Training that can make a difference

If you allow your dog off the lead, don’t allow them to stray too far or out of sight, be sure they have solid recall. If their recall is questionable, this is something you can

work on, practice practice practice. Having a solid recall could be key to your dog’s safety. Discourage other dog walkers from giving your dog treats. While they are being kind and your dog probably loves them, this repeated action can encourage a dog to go up to strangers. One day, that stranger may not just have tasty treats up their sleeve, but a very sinister agenda.

“I taught my dog the skill ‘middle’ so she knows to stay extremely close to me on command when I require.”

Social Media

We all love to share wonderful photographs of our favourite four-legged family members, however, have you thought about who might be viewing these snaps? Keep your social media accounts private. If they are public, always refrain from tagging any locations that you walk regularly, or about regular routines. Does your dog have his or her own social media account? Do they have an extensive following? If so, have you considered if this could make them particularly sought after?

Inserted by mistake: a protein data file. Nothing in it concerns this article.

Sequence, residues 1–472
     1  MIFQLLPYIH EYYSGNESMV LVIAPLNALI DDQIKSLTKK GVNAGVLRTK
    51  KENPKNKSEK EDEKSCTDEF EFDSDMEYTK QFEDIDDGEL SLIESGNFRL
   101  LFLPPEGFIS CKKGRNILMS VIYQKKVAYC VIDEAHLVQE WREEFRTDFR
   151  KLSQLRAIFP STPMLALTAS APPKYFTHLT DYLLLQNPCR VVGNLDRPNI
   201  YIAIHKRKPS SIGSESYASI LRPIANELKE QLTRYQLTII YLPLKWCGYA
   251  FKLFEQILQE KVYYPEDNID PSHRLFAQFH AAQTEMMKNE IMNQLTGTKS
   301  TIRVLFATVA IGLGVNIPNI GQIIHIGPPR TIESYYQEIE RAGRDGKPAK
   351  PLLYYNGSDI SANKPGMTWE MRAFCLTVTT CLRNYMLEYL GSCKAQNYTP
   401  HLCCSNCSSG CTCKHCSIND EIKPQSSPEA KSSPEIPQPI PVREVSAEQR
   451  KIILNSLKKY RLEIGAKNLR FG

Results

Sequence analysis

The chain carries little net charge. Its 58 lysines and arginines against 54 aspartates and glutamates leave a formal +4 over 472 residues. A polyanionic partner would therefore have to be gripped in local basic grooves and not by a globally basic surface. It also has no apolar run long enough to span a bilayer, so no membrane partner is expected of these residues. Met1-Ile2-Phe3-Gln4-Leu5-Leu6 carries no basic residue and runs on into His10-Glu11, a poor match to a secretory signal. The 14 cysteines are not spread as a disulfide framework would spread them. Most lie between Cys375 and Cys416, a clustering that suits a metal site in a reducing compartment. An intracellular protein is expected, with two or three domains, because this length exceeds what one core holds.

The great thing about the K9 Nation app is that you can choose to keep your account private if you want but still access all the useful features on offer.

Pet Sitters and Dog Walkers

It may be necessary to leave your dog in the care of someone else, perhaps they need a walk whilst you’re at work, or you have a holiday booked and prefer to use a pet sitter over a local kennel. 

When choosing and interviewing for this role, it’s important to check they have relevant qualifications and are DBS checked. Listen to your gut, if you are unsure about how they have presented themselves or if their documentation is questionable, reconsider. When you have selected a professional to provide the care you require, check in on them, or ask them to give you regular ‘pupdates’.


Who doesn’t love a gadget?! There are a few that could help keep you and Fido safe.